Payroll Tax Showdown

After the debt ceiling debacle and the failure of the administration’s super committee, you’d think leaders in Washington would take the opportunity to show the nation, and the world, that yes, despite our differences we can agree on something. The latest battle on Capitol Hill is over the payroll tax.

Employers are required to withhold tax money from employees’ paychecks and must also contribute tax money for employing a worker. Payroll software can automatically calculate tax rates and track employee time and attendance, but the Washington tax battle goes far beyond just dollars and sense. For workers, there’s no way to measure the grief of losing your job – or your thankfulness that you still have a job in a tight financial climate. Gridlock in Washington has hurt the American worker and now it’s time for legislators to finally take action.

Photo Courtesy of DonkeyHotey

The payroll tax controversy stems from how the tax is paid. Democrats are pushing for a Robin Hood tax that would apply to people making over $1 million. That money would then manifest as a tax check for the middle class, who could definitely use it right about now. Republicans disagree with raising taxes on any Americans in this murky economy – even the millionaires.

Finger pointing has run rampant and unchecked. Democrats are sneering at the Republicans’ refusal to pass a measure they once supported. Republicans curl their lips at the prospect of a “rich tax”, calling it a penalty for being financially successful and a blow to “job creators”. What do the experts say?

David Windish makes a case against the tax holiday:

If Congress decides to simply let the Bush tax cuts expire at the end of next year, they are in reality making a huge change in our tax structure. It would mean going back to what we had 12 years ago – does anyone even remember or can anyone list all the tax provisions that will sunset as those tax cuts expire? The outcry to block that change and extend the current tax structure will surely be heard in a Congress facing re-election battles. Cherry picking provisions in the tax code and singling them out for reform will face a similar outcry from those who fear they will pay more. Be honest, we’ll all be chanting the little rhyme: “Don’t tax you, don’t tax me, tax that fellow behind the tree.” Unfortunately, the reality is that fellow’s pockets are empty.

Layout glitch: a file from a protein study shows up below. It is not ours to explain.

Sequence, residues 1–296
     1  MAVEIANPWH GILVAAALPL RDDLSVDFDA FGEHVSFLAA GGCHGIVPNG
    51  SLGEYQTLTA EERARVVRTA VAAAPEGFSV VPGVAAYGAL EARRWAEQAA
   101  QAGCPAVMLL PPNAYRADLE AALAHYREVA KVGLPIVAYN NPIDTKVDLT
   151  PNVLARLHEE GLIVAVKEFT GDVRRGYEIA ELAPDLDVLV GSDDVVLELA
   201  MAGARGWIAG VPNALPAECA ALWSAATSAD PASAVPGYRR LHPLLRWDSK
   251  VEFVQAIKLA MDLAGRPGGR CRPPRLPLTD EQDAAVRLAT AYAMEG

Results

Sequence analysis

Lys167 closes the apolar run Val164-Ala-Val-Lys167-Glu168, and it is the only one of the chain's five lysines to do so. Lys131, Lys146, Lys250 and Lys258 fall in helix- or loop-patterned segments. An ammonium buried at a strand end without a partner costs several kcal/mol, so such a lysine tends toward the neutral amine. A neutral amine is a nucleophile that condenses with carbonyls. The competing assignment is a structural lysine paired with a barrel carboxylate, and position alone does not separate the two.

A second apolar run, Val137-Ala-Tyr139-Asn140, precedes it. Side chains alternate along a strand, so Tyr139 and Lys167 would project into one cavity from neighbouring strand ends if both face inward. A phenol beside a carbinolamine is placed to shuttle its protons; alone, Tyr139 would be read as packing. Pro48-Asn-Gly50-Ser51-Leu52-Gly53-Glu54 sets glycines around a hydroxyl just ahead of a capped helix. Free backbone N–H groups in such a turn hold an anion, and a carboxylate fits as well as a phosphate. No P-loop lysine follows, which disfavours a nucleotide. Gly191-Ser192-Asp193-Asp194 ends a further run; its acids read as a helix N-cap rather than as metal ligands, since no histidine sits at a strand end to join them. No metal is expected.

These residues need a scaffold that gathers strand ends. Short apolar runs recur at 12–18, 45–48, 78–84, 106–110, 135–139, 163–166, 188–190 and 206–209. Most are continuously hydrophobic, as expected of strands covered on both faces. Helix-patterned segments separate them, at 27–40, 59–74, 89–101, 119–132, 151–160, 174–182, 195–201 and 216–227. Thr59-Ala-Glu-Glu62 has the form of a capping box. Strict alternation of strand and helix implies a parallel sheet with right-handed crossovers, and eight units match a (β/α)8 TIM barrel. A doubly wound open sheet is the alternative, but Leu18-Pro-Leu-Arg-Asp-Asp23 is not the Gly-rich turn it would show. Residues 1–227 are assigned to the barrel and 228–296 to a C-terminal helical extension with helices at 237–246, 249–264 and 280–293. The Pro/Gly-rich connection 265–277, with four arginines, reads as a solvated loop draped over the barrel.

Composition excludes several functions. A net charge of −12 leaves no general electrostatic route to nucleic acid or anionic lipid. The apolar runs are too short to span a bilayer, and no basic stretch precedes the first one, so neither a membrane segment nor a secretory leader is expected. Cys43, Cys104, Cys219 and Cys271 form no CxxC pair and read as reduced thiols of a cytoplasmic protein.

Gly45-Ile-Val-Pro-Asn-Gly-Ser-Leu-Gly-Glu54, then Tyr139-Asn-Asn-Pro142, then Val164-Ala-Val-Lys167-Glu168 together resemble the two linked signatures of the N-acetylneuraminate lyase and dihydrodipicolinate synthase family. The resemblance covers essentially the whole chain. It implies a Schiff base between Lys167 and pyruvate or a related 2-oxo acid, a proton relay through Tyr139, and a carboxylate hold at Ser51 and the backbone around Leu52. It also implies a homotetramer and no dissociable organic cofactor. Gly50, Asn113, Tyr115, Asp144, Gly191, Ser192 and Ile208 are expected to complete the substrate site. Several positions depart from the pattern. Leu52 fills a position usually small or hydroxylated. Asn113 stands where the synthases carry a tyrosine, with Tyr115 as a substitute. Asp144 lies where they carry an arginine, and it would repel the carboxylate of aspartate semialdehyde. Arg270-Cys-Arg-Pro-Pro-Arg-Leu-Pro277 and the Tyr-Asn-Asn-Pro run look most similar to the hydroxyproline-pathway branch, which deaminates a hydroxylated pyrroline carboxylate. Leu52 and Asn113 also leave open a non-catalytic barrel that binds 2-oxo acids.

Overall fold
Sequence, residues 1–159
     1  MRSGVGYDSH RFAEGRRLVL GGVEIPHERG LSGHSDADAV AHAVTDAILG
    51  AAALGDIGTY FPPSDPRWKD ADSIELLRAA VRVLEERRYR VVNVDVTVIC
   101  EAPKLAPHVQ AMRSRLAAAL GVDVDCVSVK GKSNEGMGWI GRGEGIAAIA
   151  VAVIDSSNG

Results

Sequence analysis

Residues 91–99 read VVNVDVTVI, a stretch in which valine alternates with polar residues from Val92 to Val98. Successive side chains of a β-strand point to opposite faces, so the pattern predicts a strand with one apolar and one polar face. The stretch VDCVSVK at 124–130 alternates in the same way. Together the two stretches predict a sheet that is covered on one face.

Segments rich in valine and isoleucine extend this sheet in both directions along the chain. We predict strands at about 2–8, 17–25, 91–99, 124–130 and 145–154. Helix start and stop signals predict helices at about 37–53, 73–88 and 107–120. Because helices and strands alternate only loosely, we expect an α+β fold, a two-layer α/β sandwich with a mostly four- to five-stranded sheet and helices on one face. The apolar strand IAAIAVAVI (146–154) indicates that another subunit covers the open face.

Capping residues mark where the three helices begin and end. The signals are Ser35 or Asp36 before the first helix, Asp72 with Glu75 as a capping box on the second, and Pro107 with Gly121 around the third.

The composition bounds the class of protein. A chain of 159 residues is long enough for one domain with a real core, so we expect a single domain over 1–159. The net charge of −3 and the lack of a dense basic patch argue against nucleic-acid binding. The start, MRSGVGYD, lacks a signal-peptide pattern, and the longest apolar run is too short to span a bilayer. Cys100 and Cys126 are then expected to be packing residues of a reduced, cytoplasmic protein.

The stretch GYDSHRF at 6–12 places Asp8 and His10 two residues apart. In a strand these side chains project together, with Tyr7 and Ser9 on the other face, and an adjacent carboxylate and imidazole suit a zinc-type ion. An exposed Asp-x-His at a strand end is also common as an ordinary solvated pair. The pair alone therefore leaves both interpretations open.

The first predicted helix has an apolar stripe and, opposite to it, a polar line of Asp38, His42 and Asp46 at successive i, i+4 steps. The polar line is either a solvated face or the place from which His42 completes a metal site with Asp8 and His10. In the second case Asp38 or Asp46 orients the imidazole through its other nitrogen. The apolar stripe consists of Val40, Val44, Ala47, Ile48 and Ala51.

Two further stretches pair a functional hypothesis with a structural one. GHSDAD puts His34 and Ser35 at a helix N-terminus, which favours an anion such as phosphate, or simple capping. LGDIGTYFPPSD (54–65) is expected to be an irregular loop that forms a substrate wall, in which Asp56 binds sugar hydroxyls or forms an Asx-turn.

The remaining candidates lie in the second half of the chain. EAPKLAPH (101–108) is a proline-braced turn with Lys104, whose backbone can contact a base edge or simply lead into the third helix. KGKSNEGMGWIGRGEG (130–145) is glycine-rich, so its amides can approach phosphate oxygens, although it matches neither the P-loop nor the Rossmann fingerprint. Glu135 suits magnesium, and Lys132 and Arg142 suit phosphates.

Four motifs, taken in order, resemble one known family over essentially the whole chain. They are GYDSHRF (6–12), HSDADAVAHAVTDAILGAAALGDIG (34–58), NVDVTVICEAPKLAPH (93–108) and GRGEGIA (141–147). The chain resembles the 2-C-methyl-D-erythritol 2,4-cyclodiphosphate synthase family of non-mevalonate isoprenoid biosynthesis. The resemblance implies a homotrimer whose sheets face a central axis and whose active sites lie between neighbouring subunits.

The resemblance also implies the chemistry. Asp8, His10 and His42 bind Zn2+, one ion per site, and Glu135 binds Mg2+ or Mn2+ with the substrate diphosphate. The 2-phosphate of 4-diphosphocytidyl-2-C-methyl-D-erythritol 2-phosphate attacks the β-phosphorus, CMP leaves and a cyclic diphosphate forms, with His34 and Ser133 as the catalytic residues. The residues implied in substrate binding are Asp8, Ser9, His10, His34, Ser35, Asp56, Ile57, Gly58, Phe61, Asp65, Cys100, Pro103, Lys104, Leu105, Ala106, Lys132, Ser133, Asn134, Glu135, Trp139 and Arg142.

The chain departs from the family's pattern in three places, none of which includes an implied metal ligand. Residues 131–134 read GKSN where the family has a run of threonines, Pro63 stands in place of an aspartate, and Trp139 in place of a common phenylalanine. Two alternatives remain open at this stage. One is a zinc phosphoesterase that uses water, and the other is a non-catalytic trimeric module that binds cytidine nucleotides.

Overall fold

Perhaps the problem lies in the belief that these tax cuts will “stimulate the economy”. It sure sounds nice on paper and in speeches but what sort of stimulus did the Bush tax cuts create? William Gale wrote an op-ed in the New York Times late last year addressing just that:

After the tax rebates in 2001, 2003, and 2008, households appear to have spent in relatively short order somewhere between 25 and 67 cents more for each dollar of tax cut. This makes tax cuts in general – even the parts of those tax bills that were intended to stimulate – a relatively weak way to help the economy compared to increases in government purchases, for which each dollar of increased deficit turns into an additional dollar of spending.

Also, high-income households are less likely than low-income households to spend much of their rebate. The Bush tax cuts in general – and tax cuts that only benefit high-income households in particular – favor the wealthy, and so are a particularly poor way to stimulate a weak economy.

The largest failing of the cuts as stimulus is that they benefit the wealthy. There is no stimulus because people who have money now have more money. The so-called job creators aren’t creating so much as a macaroni painting with the money. Meanwhile, the quickly eroding middle class is grasping frantically for a lifesaver in the suffocating waves of the economy and Republicans are holding tight to their Gucci life vests saying, “Would that you had a job and could afford this!”

Revenue provisions need to be raised some way or another. Right now, this is the plan, and it may not be the best plan, but the alternative is doing nothing and that hasn’t gone well for us so far.


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